Reprinted with Permission from Roger Baron
In the wake of Cigna v. Amara, I am finding that many ERISA plans are unable to produce a “plan document.” As a result, plans are making the argument that the Summary Plan Description (SPD) itself serves as the “plan document.” This argument was rejected in Wilson v. Wal Green, 2013 WL 1799599 (M.D.Fla.), decided 4/29/13. This is a long opinion but the court’s ruling on this issue is solid and is found on pages *32-33. Noting that Sedgwick is “arguing that the conferral of authority in the SPD is effective because the SPD is the ‘governing plan document’,” the Court holds at *32-33 (text accompanying footnote 27-28):
ERISA requires that every “employee benefit plan shall be established and maintained pursuant to a written instrument.” 29 U.S.C. § 1102(a)(1) (emphasis added). Further, the written “instrument shall provide for one or more named fiduciaries who jointly or severally shall have authority to control and manage the operation and administration of the plan.” Id. A “ ‘named fiduciary’ means a fiduciary who is named in the plan instrument, or who, pursuant to a procedure specified in the plan, is identified as a fiduciary … by a person who is an employer … with respect to the plan….” 29 U.S.C. § 1 102(a)(2) (emphasis added); Slomcenski v. CitiBank, N.A., 432 F.3d 1271, 1278 (11th Cir.2005) (requiring sponsors to follow ERISA plan amendment procedures once such procedures are adopted); Shaw v. Conn. Gen. Life Ins., 353 F.3d 1276, 1283 (11th Cir.2003)(same). ERISA also specifies what must be included in “[e]very benefit plan.” FN2829 U.S.C. § 1102(b). Specifically, every plan shall:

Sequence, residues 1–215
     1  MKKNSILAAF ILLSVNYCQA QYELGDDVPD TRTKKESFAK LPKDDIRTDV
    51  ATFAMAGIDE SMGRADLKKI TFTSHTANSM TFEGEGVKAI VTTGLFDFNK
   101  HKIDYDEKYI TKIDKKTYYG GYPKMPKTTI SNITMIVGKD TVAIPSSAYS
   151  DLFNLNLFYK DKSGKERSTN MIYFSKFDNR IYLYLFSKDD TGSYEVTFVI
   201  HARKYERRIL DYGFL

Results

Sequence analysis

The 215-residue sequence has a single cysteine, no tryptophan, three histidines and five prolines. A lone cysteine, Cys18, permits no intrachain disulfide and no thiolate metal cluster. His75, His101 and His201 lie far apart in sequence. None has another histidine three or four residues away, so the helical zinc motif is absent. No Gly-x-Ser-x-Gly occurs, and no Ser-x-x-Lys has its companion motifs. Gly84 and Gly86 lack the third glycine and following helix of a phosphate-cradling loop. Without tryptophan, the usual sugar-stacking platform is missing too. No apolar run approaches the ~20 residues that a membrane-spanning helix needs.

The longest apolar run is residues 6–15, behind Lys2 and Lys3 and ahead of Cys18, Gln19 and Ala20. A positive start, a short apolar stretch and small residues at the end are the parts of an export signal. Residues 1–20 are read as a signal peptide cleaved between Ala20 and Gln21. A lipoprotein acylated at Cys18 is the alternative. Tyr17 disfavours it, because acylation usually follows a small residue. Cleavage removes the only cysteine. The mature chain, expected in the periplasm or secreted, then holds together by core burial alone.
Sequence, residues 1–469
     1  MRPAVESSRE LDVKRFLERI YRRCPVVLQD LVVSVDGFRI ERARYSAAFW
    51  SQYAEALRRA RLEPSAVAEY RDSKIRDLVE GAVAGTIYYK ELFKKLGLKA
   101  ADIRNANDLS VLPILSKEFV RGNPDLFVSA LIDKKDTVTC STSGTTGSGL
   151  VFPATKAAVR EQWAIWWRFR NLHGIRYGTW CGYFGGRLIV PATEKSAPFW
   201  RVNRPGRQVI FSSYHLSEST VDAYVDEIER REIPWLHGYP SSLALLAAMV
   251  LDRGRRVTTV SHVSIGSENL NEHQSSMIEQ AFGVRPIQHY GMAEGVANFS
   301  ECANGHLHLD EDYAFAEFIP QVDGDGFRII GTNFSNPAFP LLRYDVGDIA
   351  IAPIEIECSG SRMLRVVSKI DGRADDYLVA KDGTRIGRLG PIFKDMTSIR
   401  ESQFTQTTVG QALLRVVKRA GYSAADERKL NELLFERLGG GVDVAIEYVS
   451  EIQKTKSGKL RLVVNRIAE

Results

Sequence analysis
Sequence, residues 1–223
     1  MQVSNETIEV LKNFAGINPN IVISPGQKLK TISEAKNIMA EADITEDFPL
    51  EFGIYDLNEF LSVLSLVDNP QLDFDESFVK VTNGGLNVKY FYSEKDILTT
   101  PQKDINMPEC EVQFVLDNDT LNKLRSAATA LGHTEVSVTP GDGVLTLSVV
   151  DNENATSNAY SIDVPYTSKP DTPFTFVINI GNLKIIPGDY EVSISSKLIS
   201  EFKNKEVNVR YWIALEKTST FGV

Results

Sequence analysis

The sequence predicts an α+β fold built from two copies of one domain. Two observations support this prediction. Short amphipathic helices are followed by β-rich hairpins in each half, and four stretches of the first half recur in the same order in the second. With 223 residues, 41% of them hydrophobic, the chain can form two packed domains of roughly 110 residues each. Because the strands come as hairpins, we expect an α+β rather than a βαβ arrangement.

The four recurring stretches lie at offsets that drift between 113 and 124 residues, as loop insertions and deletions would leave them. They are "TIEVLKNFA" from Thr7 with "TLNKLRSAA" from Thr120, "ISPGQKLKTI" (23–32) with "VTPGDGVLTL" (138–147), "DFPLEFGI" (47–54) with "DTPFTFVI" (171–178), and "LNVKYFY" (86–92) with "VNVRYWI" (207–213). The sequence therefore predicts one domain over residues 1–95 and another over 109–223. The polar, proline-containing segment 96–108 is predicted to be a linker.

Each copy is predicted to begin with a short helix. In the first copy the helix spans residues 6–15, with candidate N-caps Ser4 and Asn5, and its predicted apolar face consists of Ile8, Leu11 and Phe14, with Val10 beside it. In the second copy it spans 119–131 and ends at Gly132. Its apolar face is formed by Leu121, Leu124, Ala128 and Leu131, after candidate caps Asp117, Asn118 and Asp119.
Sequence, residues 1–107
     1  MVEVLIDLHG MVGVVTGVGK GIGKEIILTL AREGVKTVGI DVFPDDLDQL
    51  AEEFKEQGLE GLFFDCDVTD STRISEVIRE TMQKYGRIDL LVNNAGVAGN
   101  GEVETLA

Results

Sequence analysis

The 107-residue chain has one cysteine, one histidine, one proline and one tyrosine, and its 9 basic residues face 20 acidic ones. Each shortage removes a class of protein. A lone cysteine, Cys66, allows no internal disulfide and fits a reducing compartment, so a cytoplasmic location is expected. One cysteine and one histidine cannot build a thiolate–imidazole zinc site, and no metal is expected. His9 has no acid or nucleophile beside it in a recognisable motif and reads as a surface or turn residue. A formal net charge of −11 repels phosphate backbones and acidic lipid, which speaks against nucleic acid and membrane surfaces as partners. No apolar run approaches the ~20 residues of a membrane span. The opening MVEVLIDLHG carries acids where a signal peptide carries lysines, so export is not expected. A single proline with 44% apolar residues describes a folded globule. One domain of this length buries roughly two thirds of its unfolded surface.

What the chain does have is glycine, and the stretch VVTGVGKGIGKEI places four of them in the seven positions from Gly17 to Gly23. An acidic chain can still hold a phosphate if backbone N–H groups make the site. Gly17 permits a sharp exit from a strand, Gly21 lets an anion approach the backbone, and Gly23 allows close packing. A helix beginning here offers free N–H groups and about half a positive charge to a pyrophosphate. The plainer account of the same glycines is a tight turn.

(1) provide a procedure for establishing and carrying out a funding policy and method consistent with the objectives of the plan and the requirements of this subchapter,
(2) describe any procedure under the plan for the allocation of responsibilities for the operation and administration of the plan (including any procedure described in section 1105(c)(1) of this title),
(3) provide a procedure for amending such plan, and for identifying the person who has authority to amend the plan, and
(4) specify the basis on which payments are made to and from the plan.
Here … a review of the SPD reveals that it does not conform to all the requirements of section 1102(b). Accordingly, the SPD cannot be “the plan instrument” by which a fiduciary is named under Section 1102(a).
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